Title: By the powers
Prompt: 18, Letters of marque
Rating: possibly PG, for talk of remorseless pieces of metal
Length: 100 words
Title: The day you almost ate Captain Jack Sparrow
Prompt: 17, King of the cannibals
Length: 200 words
Perhaps, Jack reflects, he should have settled for being merely a king. The thought is of course dismissed as soon as it arises; he is Captain Jack Sparrow, after all, and the day has yet to dawn when Captain Jack Sparrow disregards an opportunity to acquire some more legendary, undying glory. Unfortunately, at the present time it seems that while the glory may be undying, Jack will not. This disturbs him somewhat.
Becoming a god—metaphorically speaking—sounded like such a good idea at the time. In retrospect, however, Jack has decided that divinity holds few of the benefits it promises.
These people don't even obey their own god!
Jack wonders at this as he meditatively chews on a toenail, then wonders why he wonders. Human nature, savvy?
People tend to get possessive of their gods, to obey only when it bloody suits them, to start putting words in their mouths. And fire in their breeches.
A lesser man might have been content to be a mortal king with, perhaps, some heavy artillery to support his pronouncements; a king whose subjects didn't start getting fancy ideas about deities needing released form earthly cages.
But not Jack. Oh, no, not Jack.
Title: Whatever we lose
Prompt: 8, Oaths and promises
Length: 350 words
In the place between life and death, Will dreamed. He dreamed of a ship and the angry sea, pacified by his wish; he dreamed of distant stars under other skies; he dreamed of cold fingers and the clinging entanglement of drowned women's hair. His every dream was lit with a green glow, and into them all came Elizabeth—vibrant and fierce and alive with the wind in her face, or slain and grey upon a wooden deck. And over all that happened in his visions, above every strange path he walked, he heard the echoes of two voices, mingling and unravelling.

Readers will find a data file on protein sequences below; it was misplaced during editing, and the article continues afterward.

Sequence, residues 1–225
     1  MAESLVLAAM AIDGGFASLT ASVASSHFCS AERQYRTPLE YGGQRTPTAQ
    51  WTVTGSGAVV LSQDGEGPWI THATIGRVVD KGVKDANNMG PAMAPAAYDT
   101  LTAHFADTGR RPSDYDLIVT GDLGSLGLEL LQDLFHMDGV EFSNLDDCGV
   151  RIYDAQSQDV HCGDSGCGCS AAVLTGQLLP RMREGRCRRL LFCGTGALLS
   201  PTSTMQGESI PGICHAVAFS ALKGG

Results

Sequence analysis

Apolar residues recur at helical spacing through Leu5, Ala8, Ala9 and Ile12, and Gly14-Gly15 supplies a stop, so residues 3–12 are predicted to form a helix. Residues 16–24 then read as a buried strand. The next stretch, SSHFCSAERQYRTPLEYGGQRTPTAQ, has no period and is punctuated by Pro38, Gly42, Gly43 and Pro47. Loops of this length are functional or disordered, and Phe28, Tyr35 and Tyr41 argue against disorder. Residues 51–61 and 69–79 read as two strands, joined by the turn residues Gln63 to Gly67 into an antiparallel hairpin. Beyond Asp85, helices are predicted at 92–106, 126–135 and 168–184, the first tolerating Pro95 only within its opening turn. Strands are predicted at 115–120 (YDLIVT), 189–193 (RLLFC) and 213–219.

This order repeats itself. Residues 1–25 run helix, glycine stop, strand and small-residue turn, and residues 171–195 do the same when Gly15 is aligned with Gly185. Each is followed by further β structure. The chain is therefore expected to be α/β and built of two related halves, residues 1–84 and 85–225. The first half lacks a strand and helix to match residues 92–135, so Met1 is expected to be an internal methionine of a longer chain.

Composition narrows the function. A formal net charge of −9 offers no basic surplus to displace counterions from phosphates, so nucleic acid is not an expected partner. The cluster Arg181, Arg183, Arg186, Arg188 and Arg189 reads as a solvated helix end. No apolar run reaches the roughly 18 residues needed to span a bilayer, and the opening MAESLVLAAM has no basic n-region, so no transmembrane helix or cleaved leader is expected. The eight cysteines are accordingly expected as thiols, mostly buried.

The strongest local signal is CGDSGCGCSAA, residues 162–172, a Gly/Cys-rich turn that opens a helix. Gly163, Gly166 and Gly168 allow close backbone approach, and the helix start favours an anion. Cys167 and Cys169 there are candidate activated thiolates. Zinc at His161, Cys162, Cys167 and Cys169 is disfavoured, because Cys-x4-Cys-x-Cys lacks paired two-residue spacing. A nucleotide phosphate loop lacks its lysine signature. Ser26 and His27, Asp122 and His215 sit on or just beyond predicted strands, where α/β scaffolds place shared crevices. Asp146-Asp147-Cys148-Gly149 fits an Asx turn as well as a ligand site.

“A touch of destiny,” Tia Dalma murmured, sometimes low and soft, sometimes great and terrible. “I'd die for her!” his own voice reverberated, though he did not, then, recognise it.
“I'd die for her!”
“I'd die for her!”
I'd die for her.
Conscious and—for a certain value of the word—alive, the words remained with Will, as he leaned on the rotting rail of the Dutchman. He had spoken them thoughtlessly, but only because no thought was required...since he was twelve years old, he had been willing to sacrifice anything for her. That had never really changed, though at times he had wondered if he was a fool for his fidelity. Had he been given the choice again, he would have answered in the same way—but he had not been asked again. Someone had already heard those impetuous words, and though they had postponed judgement, in the end had returned to collect. The irony was not lost upon him; near two years to the day, it was, since the moment he spoke those words and made himself a pirate with the saying. Two years between the time he finished that near-perfect sword and the time it finished him; two years between the making of the promise and the redeeming of it.
I died for her.
A high price indeed, but he had been prepared to pay even more dearly and receive nothing in return, when he mortgaged his life to the fates.
“That depends on the day.”